Finding growth in a challenging market

After the roaring economy that followed the initial shock of the early days of the COVID-19 pandemic, there have been plenty of economic jitters. And while the Fed has successfully tamped down inflation without triggering a recession, the anxiety and difficulty are far from behind us.

Some have dubbed this a “Waiting for Godot recession” that never seems to come, but whether official or not, the economic landscape has been challenging for years. Couple that macroeconomic uncertainty with the incredible rate of change, and business owners had better be on their toes.

One of the marks of a great business leader is an ability to thrive in both fair and foul weather. Elite performers can really separate themselves in tumultuous times. To capture that opportunity, here are some steps to take.

ν  Focus hard on expense management while maintaining fundamentals. Too often leaders slash expenses in areas that help drive growth, like R&D, sales and marketing or quality control. Disciplined expense control is just that — disciplined. Find ways to cut back without losing what makes the company great and without mortgaging its future. Every company has some discretionary expenses, some non-essential projects to defer and other ways to protect the bottom line.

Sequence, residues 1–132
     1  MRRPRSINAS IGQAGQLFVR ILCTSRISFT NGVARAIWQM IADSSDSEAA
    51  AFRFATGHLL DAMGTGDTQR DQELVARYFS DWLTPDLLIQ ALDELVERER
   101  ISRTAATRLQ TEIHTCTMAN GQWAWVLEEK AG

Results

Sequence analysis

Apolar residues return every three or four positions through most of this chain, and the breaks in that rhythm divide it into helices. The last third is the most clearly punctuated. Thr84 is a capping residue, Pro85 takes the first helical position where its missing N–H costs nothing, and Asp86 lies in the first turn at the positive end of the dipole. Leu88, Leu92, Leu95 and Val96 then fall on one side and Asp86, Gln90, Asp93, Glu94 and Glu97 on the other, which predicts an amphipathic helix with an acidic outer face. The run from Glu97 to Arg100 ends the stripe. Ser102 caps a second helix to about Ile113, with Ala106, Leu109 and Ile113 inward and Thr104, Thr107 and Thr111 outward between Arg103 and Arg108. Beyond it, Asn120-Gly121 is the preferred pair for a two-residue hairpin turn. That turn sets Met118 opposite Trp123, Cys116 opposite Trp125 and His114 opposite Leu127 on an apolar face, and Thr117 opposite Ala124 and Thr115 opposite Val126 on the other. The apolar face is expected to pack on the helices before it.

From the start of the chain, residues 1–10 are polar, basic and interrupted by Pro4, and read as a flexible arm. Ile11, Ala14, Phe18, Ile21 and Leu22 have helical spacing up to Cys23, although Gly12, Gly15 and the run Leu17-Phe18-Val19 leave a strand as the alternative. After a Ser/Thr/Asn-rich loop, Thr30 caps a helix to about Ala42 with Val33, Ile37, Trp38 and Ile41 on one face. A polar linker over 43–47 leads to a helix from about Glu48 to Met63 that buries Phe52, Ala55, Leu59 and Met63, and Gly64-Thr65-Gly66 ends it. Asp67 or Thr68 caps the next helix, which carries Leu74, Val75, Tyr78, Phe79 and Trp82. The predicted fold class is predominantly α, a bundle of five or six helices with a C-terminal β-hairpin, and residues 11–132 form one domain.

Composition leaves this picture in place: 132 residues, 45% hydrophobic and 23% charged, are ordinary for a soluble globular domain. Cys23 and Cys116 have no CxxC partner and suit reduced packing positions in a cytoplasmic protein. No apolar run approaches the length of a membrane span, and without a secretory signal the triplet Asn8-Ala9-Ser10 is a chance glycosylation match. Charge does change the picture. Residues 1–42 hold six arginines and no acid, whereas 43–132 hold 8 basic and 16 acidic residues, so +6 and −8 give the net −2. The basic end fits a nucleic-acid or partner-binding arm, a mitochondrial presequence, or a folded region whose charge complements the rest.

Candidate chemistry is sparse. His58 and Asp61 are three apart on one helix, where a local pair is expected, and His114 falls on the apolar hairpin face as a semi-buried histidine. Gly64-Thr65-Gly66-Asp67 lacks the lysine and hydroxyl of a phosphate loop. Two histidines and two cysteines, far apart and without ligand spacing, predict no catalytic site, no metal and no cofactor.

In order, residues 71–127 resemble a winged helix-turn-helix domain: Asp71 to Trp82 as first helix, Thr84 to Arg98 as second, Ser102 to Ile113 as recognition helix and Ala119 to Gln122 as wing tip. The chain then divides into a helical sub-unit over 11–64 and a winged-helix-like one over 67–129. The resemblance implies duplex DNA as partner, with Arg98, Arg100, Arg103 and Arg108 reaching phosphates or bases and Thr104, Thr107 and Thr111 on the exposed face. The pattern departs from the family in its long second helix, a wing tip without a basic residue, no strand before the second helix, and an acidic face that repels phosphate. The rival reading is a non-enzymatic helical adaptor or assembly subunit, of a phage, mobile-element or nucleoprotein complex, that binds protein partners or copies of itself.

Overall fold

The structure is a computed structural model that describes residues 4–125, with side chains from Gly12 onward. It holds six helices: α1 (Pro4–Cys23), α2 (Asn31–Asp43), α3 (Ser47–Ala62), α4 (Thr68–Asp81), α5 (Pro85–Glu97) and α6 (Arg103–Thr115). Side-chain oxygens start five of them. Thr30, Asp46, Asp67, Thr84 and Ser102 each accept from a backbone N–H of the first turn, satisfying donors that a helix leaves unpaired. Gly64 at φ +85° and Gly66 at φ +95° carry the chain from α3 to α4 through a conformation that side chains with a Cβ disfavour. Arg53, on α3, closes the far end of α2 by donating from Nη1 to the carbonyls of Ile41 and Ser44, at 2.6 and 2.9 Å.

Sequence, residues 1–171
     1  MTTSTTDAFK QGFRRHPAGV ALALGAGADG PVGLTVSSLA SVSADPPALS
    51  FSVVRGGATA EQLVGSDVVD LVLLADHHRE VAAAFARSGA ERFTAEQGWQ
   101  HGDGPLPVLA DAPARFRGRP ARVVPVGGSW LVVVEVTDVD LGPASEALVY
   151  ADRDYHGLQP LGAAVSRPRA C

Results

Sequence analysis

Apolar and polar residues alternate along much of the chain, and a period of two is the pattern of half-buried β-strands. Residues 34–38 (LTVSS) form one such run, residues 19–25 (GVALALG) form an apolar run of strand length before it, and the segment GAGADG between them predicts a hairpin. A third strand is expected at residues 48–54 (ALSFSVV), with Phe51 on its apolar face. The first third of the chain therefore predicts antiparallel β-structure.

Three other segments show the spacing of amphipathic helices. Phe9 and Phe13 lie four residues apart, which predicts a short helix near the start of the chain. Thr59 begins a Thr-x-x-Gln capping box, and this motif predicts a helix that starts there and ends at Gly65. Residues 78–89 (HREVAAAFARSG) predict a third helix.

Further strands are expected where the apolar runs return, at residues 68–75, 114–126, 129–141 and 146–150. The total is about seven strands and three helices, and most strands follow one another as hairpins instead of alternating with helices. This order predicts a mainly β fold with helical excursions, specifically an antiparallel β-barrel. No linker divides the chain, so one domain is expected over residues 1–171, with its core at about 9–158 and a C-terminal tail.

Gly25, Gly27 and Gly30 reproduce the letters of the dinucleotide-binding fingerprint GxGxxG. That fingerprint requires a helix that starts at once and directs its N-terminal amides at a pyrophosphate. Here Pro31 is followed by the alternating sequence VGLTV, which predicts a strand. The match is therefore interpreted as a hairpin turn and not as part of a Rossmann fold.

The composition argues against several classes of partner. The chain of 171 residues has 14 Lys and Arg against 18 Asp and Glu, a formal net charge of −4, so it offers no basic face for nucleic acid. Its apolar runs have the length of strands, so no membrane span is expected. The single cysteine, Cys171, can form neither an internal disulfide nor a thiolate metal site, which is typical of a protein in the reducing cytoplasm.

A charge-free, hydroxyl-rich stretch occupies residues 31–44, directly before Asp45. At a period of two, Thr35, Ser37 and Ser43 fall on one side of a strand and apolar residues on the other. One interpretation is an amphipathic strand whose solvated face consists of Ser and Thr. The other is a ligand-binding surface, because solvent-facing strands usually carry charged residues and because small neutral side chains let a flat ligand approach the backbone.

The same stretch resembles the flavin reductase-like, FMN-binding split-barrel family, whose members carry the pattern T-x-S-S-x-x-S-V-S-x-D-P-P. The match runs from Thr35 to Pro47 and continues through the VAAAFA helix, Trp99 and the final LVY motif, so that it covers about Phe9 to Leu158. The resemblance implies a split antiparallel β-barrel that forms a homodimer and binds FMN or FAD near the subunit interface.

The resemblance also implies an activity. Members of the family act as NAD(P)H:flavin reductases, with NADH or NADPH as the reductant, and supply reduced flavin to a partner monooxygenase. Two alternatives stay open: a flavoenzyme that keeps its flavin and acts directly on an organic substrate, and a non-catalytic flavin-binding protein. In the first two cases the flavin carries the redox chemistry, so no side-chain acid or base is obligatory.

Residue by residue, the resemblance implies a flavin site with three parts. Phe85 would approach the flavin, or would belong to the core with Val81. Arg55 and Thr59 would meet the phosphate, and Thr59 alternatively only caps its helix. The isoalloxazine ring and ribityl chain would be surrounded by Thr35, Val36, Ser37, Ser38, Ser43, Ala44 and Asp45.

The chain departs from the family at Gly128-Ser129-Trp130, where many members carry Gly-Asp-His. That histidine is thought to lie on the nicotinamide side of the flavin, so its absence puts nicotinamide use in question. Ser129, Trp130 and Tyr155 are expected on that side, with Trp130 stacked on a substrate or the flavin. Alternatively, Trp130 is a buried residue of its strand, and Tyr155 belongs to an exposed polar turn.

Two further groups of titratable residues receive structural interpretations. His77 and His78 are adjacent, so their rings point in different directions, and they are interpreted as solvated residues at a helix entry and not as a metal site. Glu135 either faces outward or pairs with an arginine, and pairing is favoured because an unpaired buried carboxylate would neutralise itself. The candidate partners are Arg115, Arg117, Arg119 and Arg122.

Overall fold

ν  Keep a strong balance sheet. This makes things easier and provides critical leverage and flexibility. Work to reduce the debt load in a judicious manner, working closely with lenders for favorable terms. Adequate liquidity helps ensure that the company can withstand a downturn.

ν  Protect your margins. It can sound counterintuitive, but giving too much away in discounts or foregoing necessary price increases can be like eating seed corn.

ν  Innovate and stay nimble. We’ve never had more tools to improve efficiency and outcomes, whether that’s automation in manufacturing or leveraging the incredible power of AI. If you’re not capturing meaningful gains here, your long-term outlook is not healthy regardless of the economic outlook.

ν  Reduce risks by being proactive with suppliers before you reach any kind of crisis point. This could mean renegotiations of terms, finding new vendors or other steps to help ensure the company’s success.

That’s a lot of battening of hatches, but a healthy company can do more in a tough environment than just survive. “Never waste a good crisis” applies to some of the best companies in the world. As competitors get weaker, it presents an opportunity to capture new customers or even consolidate through M&A activity as asking prices decline.

Building a growing and thriving business is a lot tougher when interest rates aren’t hovering around zero. And it was a lot easier to keep up with change when the pace of technical innovation was merely at the speed of sound rather than the speed of light it is today.

Times like these, however, have historically proven to be ripe with incredible opportunity for those who position themselves correctly and are able to be bold. I think we’ll look back on the last year or two as a time when numerous companies and innovations were undervalued. These are difficult times but also exciting ones, and embracing that challenge can make all the difference.

Stewart Kohl is Co-CEO of The Riverside Company

Stewart Kohl

Connect On Social Media